The maximum likelihood estimate of a Bernoulli process is simply given by $\hat{\theta}=\frac{\sum X_i}{N}$, where N is the total number of bernoulli trial and $X_i$ is the outcome of each trial.

This is an unbiased estimator and the variance of this estimator can be easily computed to be $Var(\hat{\theta}) = \frac{\theta(1-\theta)}{N}$. However, the actual $\theta$ is unknown.

So how do we estimate the variance of the estimator then ? Also, I would like an unbiased estimate of this variance. Its possible that this question has already been asked. If someone can give a pointer that would be great.


  • $\begingroup$ For $N\gt 1$, use $\frac{\hat{\theta}(1-\hat{\theta})}{N-1}$. $\endgroup$ – André Nicolas Aug 17 '15 at 4:00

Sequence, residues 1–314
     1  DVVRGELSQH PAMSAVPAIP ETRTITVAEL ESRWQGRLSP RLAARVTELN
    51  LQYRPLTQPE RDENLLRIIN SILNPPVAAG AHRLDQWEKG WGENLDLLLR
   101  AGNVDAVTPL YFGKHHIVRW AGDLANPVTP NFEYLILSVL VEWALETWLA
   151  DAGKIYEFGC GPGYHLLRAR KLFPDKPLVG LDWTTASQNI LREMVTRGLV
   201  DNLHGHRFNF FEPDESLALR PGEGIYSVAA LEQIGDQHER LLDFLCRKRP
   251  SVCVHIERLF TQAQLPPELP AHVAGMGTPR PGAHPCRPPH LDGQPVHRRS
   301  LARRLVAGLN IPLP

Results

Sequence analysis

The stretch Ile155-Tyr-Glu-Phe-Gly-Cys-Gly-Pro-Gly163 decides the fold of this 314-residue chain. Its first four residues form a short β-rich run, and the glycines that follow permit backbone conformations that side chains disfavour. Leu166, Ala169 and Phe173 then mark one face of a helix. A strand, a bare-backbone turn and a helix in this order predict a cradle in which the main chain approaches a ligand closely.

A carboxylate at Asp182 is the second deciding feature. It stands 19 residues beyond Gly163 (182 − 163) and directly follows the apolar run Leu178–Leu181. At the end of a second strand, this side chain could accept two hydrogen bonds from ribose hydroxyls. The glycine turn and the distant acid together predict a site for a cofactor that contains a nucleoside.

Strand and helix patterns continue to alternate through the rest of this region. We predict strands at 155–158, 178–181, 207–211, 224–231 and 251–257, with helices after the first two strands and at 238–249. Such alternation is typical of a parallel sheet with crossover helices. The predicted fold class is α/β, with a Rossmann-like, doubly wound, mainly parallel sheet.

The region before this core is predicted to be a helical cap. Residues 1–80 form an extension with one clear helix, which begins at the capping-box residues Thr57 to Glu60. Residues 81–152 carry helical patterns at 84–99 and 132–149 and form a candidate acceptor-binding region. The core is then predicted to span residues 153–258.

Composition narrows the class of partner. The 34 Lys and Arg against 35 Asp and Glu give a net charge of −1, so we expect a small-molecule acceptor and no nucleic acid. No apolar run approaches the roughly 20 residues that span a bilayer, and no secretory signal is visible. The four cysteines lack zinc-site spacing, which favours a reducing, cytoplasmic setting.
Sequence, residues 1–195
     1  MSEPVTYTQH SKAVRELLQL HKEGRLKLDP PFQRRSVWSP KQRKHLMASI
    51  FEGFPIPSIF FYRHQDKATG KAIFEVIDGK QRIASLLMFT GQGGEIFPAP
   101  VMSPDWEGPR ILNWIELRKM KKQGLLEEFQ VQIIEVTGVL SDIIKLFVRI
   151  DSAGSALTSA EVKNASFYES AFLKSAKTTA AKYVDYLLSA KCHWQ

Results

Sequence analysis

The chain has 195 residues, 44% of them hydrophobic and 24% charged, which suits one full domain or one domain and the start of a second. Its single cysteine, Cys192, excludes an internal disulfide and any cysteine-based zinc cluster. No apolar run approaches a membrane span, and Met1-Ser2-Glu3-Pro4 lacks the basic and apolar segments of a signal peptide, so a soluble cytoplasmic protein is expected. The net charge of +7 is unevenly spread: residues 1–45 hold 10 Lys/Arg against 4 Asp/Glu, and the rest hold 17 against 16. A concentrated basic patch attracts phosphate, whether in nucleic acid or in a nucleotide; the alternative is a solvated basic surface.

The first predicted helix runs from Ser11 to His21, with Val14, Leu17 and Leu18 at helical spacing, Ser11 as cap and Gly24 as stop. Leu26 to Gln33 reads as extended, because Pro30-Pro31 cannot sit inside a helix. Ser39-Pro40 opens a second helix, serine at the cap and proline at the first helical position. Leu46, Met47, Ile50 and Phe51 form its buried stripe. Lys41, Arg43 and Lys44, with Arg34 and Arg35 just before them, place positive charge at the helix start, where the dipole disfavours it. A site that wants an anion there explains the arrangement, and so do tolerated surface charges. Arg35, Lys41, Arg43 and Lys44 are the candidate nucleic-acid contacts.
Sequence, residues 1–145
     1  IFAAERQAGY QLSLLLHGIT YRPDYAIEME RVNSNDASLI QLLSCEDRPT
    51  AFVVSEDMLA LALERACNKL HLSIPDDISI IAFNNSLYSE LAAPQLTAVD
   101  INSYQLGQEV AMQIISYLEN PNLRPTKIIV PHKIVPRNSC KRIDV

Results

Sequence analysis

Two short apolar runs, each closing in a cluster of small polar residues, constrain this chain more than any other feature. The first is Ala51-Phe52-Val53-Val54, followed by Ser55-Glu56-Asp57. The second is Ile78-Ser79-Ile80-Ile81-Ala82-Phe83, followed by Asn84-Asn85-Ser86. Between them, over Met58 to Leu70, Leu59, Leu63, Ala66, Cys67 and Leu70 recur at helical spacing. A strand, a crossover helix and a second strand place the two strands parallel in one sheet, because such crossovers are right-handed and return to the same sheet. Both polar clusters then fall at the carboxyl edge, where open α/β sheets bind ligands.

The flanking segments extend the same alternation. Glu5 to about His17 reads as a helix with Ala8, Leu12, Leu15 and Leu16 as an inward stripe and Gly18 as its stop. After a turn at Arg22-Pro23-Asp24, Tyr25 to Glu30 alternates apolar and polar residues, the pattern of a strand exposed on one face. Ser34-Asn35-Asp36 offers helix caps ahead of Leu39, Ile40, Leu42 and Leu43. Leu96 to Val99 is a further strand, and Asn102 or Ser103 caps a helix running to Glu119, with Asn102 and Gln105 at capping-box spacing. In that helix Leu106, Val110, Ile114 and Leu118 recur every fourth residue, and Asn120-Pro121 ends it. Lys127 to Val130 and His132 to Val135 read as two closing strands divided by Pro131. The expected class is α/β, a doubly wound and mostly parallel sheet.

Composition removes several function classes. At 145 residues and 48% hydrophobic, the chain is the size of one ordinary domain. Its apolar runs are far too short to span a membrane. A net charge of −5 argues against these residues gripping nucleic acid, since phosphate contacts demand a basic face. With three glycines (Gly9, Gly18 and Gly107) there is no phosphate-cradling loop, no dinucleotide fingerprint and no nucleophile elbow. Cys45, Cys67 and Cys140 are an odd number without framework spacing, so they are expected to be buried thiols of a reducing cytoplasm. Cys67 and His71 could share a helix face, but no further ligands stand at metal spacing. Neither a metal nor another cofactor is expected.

• $\begingroup$ $\hat{\theta}$ here apears to be sample mean. Maybe it is possible to use an unbiased sample variance $s^2 = \frac{1}{N-1}\sum_{i=1}^{N}(X_i-\hat{\theta})^2$ ? It is also consistent. $\endgroup$ – Slowpoke Aug 17 '15 at 4:12

Community wiki answer based on the comments to allow the answer to be accepted:

In this case the parameter happens to be the mean. The unbiased estimator $\hat\theta$ of the parameter is the usual unbiased estimator of the mean, whose variance is $1/N$ times the population variance, so estimating its variance is equivalent to estimating the population variance, which can be done without bias using Bessel's correction of multiplying by $N/(N-1)$ for $N\gt1$.


Your Answer

By clicking "Post Your Answer", you agree to our terms of service, privacy policy and cookie policy

Not the answer you're looking for? Browse other questions tagged or ask your own question.